The Company is a bit of a hybrid, in that it makes early-stage investments and also incubates companies in-house.  My day-to-day job will include working with CEO Daniel Klaus and Chairman Kevin Wendle on due diligence, planning and implementing strategies around new startup investments, as well as working in a supporting role with the current portfolio companies.  On the investing side I hope to build on what I’ve learned from Joe, Nikhil and the rest of the team at Softbank Capital, and from my time learning from Jerry Neumann at NEU VC.  From an operations perspective,  I’m hoping my time in business development, social marketing, product development, and my background in media & entertainment has given me a foundation of experience to be a value add to the incredibly talented group of entrepreneurs at K2.  I’ve spent lots of time selling services to businesses, and building in mobile and on Facebook.  While I still have limited knowledge and tons to learn, I hope that the skill set and network that I’ve built will be helpful to the entrepreneurs I will work with.

Aside from the in-house team at K2 , the fund has a phenomenal group of investors and advisors. Overall, I could not be more excited by the opportunity to learn from this team.  There aren’t many opportunities to work on both the investment and operations sides of early stage businesses, so I feel incredibly lucky to be here and I can’t wait to hit the ground running.

I plan to invest more time and energy into this blog, posting more often on topics covering startup operations and early stage investing.  If you ever want to connect, you can find me at christian[at], or on twitter @nycsteady.

Connecting the Dots

A couple weeks ago when Steve Jobs announced his retirement, I did a little research to try to sum up my takeaways from his success.  One of his stories was about taking a calligraphy class in college, and how that class gave him enough knowledge in the subject to create font sets in the first Apple products (which were later copied by Microsoft for Word).   At the time when he took that class, he had no idea how or why that class would be useful. Only when Jobs looked backwards he was able to connect the dots.

Jobs’ belief that ‘you can only connect the dots looking backwards’ struck me when I heard it, probably for the same reasons that it resonates with all of us. We all like to believe that everything we do has a deeper meaning, that every experience is building to a purpose and therefore no time and energy is ever truly wasted.  I like to think that way on a personal level,  but I also think this can be applied to entrepreneurship and product development.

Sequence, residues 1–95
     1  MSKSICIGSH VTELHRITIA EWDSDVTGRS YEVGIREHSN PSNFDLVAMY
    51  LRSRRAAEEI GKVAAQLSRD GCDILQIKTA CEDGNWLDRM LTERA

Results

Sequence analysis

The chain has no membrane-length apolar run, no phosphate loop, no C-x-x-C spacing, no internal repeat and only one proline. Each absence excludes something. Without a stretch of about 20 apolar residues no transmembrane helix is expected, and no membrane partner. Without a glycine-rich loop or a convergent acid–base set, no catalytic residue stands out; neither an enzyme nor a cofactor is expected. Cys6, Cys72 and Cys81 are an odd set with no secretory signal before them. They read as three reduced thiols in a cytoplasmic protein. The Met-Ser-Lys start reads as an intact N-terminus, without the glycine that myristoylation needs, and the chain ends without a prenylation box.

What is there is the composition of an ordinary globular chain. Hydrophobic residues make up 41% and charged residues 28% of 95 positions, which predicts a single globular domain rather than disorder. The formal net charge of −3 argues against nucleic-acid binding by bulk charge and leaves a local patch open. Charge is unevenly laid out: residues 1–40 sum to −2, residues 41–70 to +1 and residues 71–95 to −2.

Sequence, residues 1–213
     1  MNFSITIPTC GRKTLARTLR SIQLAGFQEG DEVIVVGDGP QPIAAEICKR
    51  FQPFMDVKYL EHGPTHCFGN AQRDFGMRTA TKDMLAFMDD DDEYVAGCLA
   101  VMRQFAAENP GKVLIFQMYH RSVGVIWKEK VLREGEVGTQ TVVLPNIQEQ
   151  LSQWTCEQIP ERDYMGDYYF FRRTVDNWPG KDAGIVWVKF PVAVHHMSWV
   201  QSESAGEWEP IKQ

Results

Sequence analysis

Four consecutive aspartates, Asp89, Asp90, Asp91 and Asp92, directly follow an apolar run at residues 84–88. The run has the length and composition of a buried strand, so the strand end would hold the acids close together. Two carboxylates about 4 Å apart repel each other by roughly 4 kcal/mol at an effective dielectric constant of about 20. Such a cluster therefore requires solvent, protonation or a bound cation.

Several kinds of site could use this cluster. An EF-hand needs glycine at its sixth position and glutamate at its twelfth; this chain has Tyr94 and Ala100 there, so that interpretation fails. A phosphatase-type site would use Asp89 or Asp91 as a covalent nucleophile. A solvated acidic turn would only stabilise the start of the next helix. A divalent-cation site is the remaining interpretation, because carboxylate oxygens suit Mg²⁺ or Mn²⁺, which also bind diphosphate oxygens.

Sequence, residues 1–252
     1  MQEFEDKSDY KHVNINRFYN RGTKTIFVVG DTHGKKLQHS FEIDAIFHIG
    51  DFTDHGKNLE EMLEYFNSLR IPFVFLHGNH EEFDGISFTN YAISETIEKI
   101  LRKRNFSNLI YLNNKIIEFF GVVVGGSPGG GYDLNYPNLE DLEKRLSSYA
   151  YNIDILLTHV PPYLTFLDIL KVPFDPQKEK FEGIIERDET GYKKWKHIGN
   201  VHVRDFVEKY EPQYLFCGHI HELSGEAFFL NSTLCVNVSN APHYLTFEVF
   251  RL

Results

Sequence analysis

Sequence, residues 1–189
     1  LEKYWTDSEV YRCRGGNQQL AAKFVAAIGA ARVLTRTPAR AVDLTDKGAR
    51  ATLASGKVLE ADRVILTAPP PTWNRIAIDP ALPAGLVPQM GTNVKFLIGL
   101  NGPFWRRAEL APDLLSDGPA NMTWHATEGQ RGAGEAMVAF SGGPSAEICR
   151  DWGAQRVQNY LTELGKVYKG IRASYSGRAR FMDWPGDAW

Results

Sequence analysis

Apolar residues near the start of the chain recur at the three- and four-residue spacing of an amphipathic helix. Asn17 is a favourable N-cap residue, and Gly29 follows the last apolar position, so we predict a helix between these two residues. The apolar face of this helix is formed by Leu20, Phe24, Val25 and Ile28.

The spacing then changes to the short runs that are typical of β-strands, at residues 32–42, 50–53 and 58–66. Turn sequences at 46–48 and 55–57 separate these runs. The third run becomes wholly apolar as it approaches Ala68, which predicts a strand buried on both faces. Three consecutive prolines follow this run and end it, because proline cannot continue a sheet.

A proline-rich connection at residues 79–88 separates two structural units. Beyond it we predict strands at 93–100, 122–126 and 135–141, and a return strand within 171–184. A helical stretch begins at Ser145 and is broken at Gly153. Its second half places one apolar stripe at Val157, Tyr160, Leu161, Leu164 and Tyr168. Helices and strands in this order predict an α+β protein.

Businesses are products of several environmental inputs:  the entrepreneurs behind them, the industry that they serve, the macro-economy, the trends at the time, customer needs, etc.  I believe many budding entrepreneurs, especially in the MBA communities, spend a lot of time thinking about these inputs and putting them into their business plans.  I think this is smart work to do.   You want to make sure that the market exists and is big enough to make your effort worthwhile.  With that said, there’s a limit to the value of doing this exercise and very few people seem capable or willing to take the next step, which I believe is creating a minimum viable product for early adopters to see and give you feedback on.   There’s a limited amount of planning that can be done in the startup phase, and much of entrepreneurship is based on experience and a ‘hunch’ that there’s some white space where you’re attacking.  5% of your learning will happen in the business planning process, 95% of it will happen when you start building.

In software, this process is called iterative development, or the agile method.  Here’s a quote from the wiki page:

The basic idea behind the agile method is to develop a system through repeated cycles (iterative) and in smaller portions at a time (incremental), allowing software developers to take advantage of what was learned during development of earlier parts or versions of the system. Learning comes from both the development and use of the system, where possible key steps in the process start with a simple implementation of a subset of the software requirements and iteratively enhance the evolving versions until the full system is implemented. At each iteration, design modifications are made and new functional capabilities are added.